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Dr. Lauren Sumner-Rooney

Dr. Lauren Sumner-Rooney
  • Teaching

    University of Oxford (2017-2021).  Tutor for Biological Sciences: ecology and evolution, diversity of life, evolution and development of animals; careers and exam advice.  Convenor of two first-year practical sessions (comparative morphology) and a two-week research skills course for second-year students (digital morphology). Demonstrator for first-year dissection course (invertebrate zoology). Approved assessor for undergraduate research projects and final-year assignments.

    PhD supervision: Currently co-supervising three students at the University of Bristol and Oxford Brookes University.

  • Publications

    *Lab members in bold

    Baudouin Gonzalez L, Harper A, McGregor AP, Sumner-Rooney L. 2022. Regulation of eye determination and regionalisation in the spider Parasteatoda tepidariorum. Cells. doi.org/10.3390/cells11040631

    Harper A, Baudouin Gonzalez L, Schönauer A, Seiter M, Holzem M, Arif S, McGregor AP, Sumner-Rooney L. 2021. Widespread retention of ohnologs in key developmental gene families following WGD in arachnopulmonates. Genes, Genomes, Genetics. doi.org/10.1093/g3journal/jkab299

    Sumner-Rooney L, Kirwan JD, Lüter C, Ullrich-Lüter E. 2021. Run and hide: visual performance in the brittle star Ophiomastix wendtiiJournal of Experimental Biology. doi.org/10.1242/jeb.236653

    Sigwart JD, Sumner-Rooney L. 2021. Continuous and regular expansion of a distributed visual system in the eyed chiton Tonicia lebruniBiological Bulletin. doi.org/10.1086/712114.

    Brodrick EA, Roberts NW, Sumner-Rooney L, Schlepütz CM, How MJ. 2020. Adaptation mechanisms in the eyes of the fiddler crab Afruca tangeri. Journal of Comparative Neurology. 529, 3:616-634.

    Sumner-Rooney L, Kirwan JD, Lowe E, Ullrich-Lüter EM. 2020. Extraocular vision in a brittle star is mediated by chromatophore movement in response to ambient light. Current Biology. 30:1-9.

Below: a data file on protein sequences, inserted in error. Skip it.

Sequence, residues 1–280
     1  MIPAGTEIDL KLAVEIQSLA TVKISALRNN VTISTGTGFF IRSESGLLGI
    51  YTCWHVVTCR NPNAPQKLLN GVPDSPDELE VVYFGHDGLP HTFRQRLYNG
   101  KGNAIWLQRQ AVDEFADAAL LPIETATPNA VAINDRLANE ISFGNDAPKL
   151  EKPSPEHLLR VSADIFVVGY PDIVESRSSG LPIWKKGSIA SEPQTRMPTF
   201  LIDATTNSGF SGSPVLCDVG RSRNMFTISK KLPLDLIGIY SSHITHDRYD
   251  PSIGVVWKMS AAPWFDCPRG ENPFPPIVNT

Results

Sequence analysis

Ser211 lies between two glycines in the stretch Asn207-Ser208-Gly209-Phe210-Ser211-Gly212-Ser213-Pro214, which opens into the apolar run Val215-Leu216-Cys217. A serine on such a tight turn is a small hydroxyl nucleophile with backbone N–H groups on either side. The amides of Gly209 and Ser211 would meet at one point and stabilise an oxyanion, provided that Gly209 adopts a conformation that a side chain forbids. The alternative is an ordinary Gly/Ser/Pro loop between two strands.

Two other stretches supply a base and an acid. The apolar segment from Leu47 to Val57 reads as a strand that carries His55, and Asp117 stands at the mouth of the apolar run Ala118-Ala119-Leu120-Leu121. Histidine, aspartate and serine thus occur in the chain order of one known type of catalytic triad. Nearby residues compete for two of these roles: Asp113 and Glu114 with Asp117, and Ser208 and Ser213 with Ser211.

Sumner-Rooney L. 2018. The kingdom of the blind: disentangling fundamental drivers in the evolution of eye loss. Integrative and Comparative Biology. 58, 3:372-385.

    Sumner-Rooney L, Sigwart JD. 2018. Do chitons have a brain? New evidence for diversity and complexity in the polyplacophoran central nervous system. Journal of Morphology. 279, 7:936-949.

    Sumner-Rooney L, Rahman IA, Sigwart JD, Ullrich-Lüter E. 2018. Whole body photoreceptor networks are independent of ‘lenses’ in brittle stars. Proceedings of the Royal Society B. 285:20172590.

    Sumner-Rooney L, Sigwart JD, McAfee J, Smith L, Williams ST. 2016. Repeated eye reduction events reveal multiple pathways to degeneration in a family of marine snails. Evolution. 70, 10: 2268-2295.

    Sumner-Rooney L, Sigwart JD. 2015. Is the Schwabe organ a larval eye? Anatomical and behavioural studies of a novel sense organ in Leptochiton asellus (Mollusca, Polyplacophora) indicate links to larval photoreceptors. PLoS ONE. 10:9. e0137119.

  • Projects

    • Functional evolution of vision in many-eyed systems (focus on spiders and molluscs)
    • Extraocular photoreception and vision (focus on echinoderms)
    • Digital morphology and imaging methods
    • Eye loss and its evolution
    • Impacts of light pollution on visual ecology
  • Curriculum Vita

    2021-Date Emmy Noether Junior Group Leader, Museum für Naturkunde, Berlin.

    2017-2021 Research Fellow, Oxford University Museum of Natural History, University of Oxford.

    2016-2017 Postdoctoral Research Fellow, Museum für Naturkunde, Berlin.
    Host: Prof. Carsten Lüter

    2015-2016 Research assistant and science communicator, Royal Veterinary College, London.
    Line manager: Prof. John Hutchinson

    2012-2015 PhD student, Queen’s University Belfast.
    Supervisor: Dr. Julia Sigwart

  • Research

    My research group studies the structure, function and evolution of animal visual systems, with a focus on many-eyed organsims such as molluscs, spiders and echinoderms. Our group uses a combination of digital morphology, neuroethology, evo-devo and comparative phylogenetic methods to study how and why animals use more than two eyes, and how these unusual visual systems evolve. Other research interests include the evolution of eye loss in dark habitats, the impacts of artificial light on visual ecology, and invertebrate neuroanatomy.

    Read more about the MultiplEye lab group.